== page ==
Brexit: Path clear for Theresa May to trigger Article 50 after bill clears Lords

Tom Powell

The path is now clear for Theresa May to begin Brexit negotiations after the Lords passed her Brexit Bill unamended.

After weeks of bitter wrangling in both Houses, the Government comfortably fought off two Liberal Democrat bids to again amend the Brexit Bill in the Lords.

In a day of drama, the Commons voted to reject two changes made by peers to the European Union (Notification of Withdrawal) Bill, which gives the Prime Minister the power to trigger the two-year Brexit talks.

MPs first voted against a proposal to unilaterally guarantee the rights of EU nationals living in the UK within three months, by 335 votes to 287, a majority of 48.

They then voted against an amendment designed to give Parliament a "meaningful" vote on the final deal, by 331 votes to 286, a majority of 45.

Later in the Lords, with Brexit Secretary David Davis watching from the bar of the House, a Liberal Democrat move to reinsert the amendment on the rights of EU nationals living in the UK was rejected by 274 votes to 135, Government majority 139.

Peers then voted 274 to 118, Government majority 156, against a move to insist on a "meaningful" vote on the final deal.

The Prime Minister looks set to wait another fortnight before kicking off the two-year process of negotiating departure under Article 50 of the EU treaties, with formal notification expected to take place in the last week of March.

Mrs May's official spokesman played down suggestions that the PM had delayed notification due to Scottish First Minister Nicola Sturgeon's announcement that she plans to stage a second independence referendum in the run-up to the expected date of Brexit in spring 2019.

Mrs May needs only to await royal assent of the European Union (Notification of Withdrawal) Bill before triggering Article 50.

There was widespread speculation in Westminster that she could do so as early as Tuesday, when she is scheduled to make a statement on Europe to the Commons.

But her spokesman said the PM had always said she would notify the European Council of the UK's intention to leave by the end of March, adding: "I've said 'end' many times but it would seem I didn't put it in capital letters strongly enough."

Notification in the last week of March would not only avoid clashing with the general election taking place on Wednesday in the Netherlands, but would also delay the formal opening of negotiations until after a special summit in Rome on March 25 when the remaining 27 member states will celebrate the EU's 60th anniversary.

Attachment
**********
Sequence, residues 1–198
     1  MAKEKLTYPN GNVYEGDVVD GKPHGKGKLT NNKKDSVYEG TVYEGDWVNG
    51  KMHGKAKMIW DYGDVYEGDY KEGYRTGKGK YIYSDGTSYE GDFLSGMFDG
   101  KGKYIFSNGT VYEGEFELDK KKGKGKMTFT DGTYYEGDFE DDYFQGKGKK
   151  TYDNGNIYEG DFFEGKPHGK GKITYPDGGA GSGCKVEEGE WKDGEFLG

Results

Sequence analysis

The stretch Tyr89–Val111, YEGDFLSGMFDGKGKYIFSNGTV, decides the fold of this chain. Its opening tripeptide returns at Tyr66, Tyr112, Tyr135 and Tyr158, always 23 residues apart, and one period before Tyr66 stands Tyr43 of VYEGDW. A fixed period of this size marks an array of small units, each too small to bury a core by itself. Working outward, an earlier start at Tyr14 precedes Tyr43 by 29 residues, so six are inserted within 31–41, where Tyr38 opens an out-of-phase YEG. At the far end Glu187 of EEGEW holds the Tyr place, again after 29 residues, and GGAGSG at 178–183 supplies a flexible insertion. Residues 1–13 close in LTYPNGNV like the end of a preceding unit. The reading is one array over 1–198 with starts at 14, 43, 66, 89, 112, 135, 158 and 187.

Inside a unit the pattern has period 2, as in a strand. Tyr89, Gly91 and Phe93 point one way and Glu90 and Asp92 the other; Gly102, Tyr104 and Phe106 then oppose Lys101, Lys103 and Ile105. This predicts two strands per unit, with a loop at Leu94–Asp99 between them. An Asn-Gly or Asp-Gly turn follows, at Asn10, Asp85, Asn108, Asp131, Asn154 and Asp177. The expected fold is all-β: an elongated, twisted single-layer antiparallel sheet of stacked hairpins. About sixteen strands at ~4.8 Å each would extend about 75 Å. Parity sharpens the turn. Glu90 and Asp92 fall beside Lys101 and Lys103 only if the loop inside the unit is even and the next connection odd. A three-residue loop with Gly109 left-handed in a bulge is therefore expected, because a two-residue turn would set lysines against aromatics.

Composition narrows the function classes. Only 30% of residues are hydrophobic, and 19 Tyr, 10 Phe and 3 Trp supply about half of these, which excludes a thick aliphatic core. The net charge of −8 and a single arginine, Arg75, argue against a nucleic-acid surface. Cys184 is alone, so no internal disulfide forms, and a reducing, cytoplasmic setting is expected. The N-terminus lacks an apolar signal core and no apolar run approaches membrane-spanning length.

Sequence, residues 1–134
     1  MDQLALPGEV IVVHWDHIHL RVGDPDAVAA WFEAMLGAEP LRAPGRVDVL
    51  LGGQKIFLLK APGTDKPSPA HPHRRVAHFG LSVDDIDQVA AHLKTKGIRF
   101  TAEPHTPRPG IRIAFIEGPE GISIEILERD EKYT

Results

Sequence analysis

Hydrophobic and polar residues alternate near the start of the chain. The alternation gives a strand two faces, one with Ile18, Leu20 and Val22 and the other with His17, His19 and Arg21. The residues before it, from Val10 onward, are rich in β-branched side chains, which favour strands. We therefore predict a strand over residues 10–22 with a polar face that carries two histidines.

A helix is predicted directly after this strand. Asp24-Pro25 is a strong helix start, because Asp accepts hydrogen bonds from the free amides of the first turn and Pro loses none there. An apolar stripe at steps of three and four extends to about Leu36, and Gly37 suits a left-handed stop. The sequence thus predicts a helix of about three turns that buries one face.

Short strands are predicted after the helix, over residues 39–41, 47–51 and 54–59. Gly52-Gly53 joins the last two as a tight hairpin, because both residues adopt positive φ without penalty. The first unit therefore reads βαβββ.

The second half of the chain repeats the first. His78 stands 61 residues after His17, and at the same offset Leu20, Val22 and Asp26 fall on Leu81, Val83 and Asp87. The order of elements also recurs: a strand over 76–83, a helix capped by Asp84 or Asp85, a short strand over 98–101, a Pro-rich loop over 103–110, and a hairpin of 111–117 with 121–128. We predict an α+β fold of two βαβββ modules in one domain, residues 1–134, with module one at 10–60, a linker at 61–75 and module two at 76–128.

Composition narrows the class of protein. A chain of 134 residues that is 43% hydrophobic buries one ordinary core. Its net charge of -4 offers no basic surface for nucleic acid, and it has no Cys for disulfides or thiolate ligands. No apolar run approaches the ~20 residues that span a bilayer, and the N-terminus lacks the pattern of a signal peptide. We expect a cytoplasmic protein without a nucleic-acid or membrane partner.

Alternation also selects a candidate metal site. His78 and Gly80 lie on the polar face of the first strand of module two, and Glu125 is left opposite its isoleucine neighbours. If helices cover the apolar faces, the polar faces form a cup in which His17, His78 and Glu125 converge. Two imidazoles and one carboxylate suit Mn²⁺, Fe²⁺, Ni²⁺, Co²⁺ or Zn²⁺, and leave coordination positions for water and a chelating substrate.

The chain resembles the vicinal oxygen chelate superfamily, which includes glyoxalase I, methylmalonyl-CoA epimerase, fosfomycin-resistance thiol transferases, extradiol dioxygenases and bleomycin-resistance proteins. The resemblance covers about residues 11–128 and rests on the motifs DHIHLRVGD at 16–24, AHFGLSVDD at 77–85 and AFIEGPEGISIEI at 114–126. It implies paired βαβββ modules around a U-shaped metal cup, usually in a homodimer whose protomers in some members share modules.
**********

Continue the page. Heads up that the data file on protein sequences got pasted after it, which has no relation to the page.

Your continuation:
The Prime Minister's European counterparts had been prepared for her to make an announcement this week, with April 6 pencilled in as the date for a meeting of the 27 other EU leaders to respond to the situation - a gathering which will now be pushed back until later that month.

Peers had previously backed a Labour-led change to the European Union (Notification of Withdrawal) Bill which called for ministers to bring forward proposals within three months of the triggering of Brexit talks to ensure the rights of EU nationals continue.

Just two Conservative MPs voted against the Government's attempt to overturn the amendment on EU nationals. They were Alex Chalk (Cheltenham) and Tania Mathias (Twickenham).

The two Tories were joined by 210 Labour MPs, 54 SNP, nine Liberal Democrats, three SDLP, three Plaid Cymru, two Ulster Unionist Party, three independents and Green Party MP Caroline Lucas in opposing the Government.

Six Labour MPs voted with the Government, including Frank Field (Birkenhead), Kate Hoey (Vauxhall), Kelvin Hopkins (Luton North), Rob Marris (Wolverhampton South West), Graham Stringer (Blackley and Broughton) and Gisela Stuart (Birmingham Edgbaston).

They were joined by 319 Conservatives, eight DUP, Ukip's Douglas Carswell and independent Simon Danczuk.

Lord Bridges of Headley, the Parliamentary Under-Secretary of State for Exiting the European Union speaks in the House of Lords (PA)

Around 3.2 million EU citizens live in the UK while more than a million British expats reside in other EU member states.

Brexit Secretary David Davis earlier told MPs he expected a "swift" agreement with EU member states on the issue.

A potential Tory rebellion on the second vote - to overturn the proposal from peers for a "meaningful" vote - failed to materialise.

Division list analysis shows no Tories opposed the Government's motion to disagree with the Lords amendment.

A number of Tory MPs who expressed concerns over the Government's approach appeared to abstain on the meaningful vote amendment by not voting.

They included former ministers Nicky Morgan and Anna Soubry, former attorney general Dominic Grieve, Justice Select Committee chairman Bob Neill, as well as backbenchers Heidi Allen (South Cambridgeshire) and Ben Howlett (Bath).

There were 213 Labour MPs who voted against removing the meaningful vote amendment from the Bill and they were joined by 54 SNP MPs.

Nine Liberal Democrats, three independent, three Plaid Cymru, three SDLP and Green MP Ms Lucas also voted against removal.

The Government's position was backed by 313 Tory MPs, eight DUP, six Labour, two UUP, Ukip's Mr Carswell and independent Mr Danczuk.

The six Labour MPs were: Ronnie Campbell (Blyth Valley), Mr Field, Ms Hoey, Mr Hopkins, Mr Stringer and Ms Stuart.

As the Bill returned to the Lords, Lord Bridges said withdrawal from the EU was "one of the most momentous" steps the UK would take.

He said he was not "deaf to people's concerns" and did not dismiss them as "portraying a lack of patriotism", but the decision to quit the EU had been made and the Bill delivered on it.

The Lords was "perfectly entitled" to ask the Commons to think again and had done so, but once again MPs had decided to pass the Bill without amendment.